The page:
The All-Marine Warrior Games sitting volleyball team focused on playing as a one, continuing to learn each other's strengths, Apr. 28, at the post fitness center as they prepare for the inaugural Warrior Games, next week.
Sitting volleyball is one of the few sports in the Warrior Games largely dependent on teamwork and cohesiveness. The game is played with each team sitting on the ground, moving on the court with only their upper bodies.
All-Marine Warrior Games sitting volleyball coach U.S. Navy Lt. Cmdr. Sam Tickle, said this event is unique because it's one of the only sports featuring athletes with a variety of disabilities working together.
Tickle, a 34-year-old from New London Pa., played volleyball for three years as a college student at the University of South Carolina and coached various leagues throughout his career in the U.S. Navy. He is currently assigned to Commander Strike Force Training, Pacific, at North Island, Calif.
"The key to sitting volleyball is speed," Tickle said "But it's something that takes a lot of learning."
Sitting volleyball in the Warrior Games features five players per side. Each player must maintain contact with the ground while blocking serves are some of the differences between sitting and conventional volleyball. While all the players are medically injured in one form or another, more than a quarter of the team are amputees.
Tickle said maintaining ground contact is one of the largest obstacles in sitting volleyball. Athletes who've retained their walking ability have it the hardest because the instinct to go for the ball, instead of setting up and then hitting the ball, he said.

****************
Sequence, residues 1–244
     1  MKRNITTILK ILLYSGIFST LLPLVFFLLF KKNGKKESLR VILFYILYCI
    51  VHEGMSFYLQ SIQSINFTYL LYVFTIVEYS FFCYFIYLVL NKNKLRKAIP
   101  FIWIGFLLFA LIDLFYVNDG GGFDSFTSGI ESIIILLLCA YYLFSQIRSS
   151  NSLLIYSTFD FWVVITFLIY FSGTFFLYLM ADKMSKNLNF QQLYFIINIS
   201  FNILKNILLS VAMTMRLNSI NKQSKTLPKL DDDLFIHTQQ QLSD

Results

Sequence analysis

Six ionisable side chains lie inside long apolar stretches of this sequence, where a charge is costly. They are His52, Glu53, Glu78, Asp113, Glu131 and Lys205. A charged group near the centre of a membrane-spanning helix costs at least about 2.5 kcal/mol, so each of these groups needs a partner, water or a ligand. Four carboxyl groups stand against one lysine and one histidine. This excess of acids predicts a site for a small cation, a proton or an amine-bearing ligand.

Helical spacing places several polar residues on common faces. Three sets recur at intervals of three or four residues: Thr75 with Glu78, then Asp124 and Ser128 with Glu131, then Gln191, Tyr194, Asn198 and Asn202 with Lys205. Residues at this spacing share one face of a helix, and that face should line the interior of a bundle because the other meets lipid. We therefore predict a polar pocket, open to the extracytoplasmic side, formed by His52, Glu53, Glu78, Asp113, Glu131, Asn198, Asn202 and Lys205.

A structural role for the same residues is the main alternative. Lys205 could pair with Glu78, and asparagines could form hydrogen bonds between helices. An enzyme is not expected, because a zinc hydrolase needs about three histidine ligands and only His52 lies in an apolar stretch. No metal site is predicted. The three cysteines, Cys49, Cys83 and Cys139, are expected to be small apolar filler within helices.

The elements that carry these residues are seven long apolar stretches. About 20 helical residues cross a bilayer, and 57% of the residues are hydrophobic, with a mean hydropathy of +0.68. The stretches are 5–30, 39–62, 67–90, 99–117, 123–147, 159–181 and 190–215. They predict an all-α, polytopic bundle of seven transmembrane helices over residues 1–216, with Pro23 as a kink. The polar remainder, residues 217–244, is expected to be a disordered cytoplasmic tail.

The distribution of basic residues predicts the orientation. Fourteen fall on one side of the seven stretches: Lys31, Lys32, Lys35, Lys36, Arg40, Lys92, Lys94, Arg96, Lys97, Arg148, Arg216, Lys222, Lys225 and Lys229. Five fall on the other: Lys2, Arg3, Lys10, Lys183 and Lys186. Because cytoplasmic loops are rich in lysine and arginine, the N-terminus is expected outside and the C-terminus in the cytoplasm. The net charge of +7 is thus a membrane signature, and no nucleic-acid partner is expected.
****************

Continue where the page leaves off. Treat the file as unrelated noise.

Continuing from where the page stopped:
Those difficulties really distinguish sitting volleyball as a team sport, Tickle said. Not only do they have to overcome their own physical barriers, but they have to overcome the teams to play as one and succeed.
Tickle said the Air Force sitting volleyball team might give the Marine team a challenge, he's not too worried about the other competitors getting in their way for winning gold medals.
"One advantage we really have going for us is we have a lot of big guys with huge arms," he said. "I have no doubt that we'll have a team together running offense and ready to win."
Corporal Ray Hennagir, a 21-year-old from Deptford N.J., and athlete with the All-Marine Warrior Games Team, said sitting volleyball was one of the few sports he immediately liked when he tried it. "It's a great outlet to come out here and get that competitive experience," he said. "I'm trying to get gold though, so I'm practicing to win here."
Hennagir lost both legs and four fingers after stepping on an improvised explosive device in Iraq during 2007.
Although winning is one of the end states, the training and camaraderie developed is a win in itself for these athletes, Tickle added. "This is an excellent tool in their recovery," he said. "It really has blown me away seeing these guys give it their all."
The volleyball team will be practicing throughout the week until their first competition beginning at 4 p.m. Mountain Standard Time, May 11, 2010 at the Olympic Training Center in Colorado Springs, Colo. For more information, follow the All-Marine Warrior Games Team on the 'Warrior Games' Facebook fan page.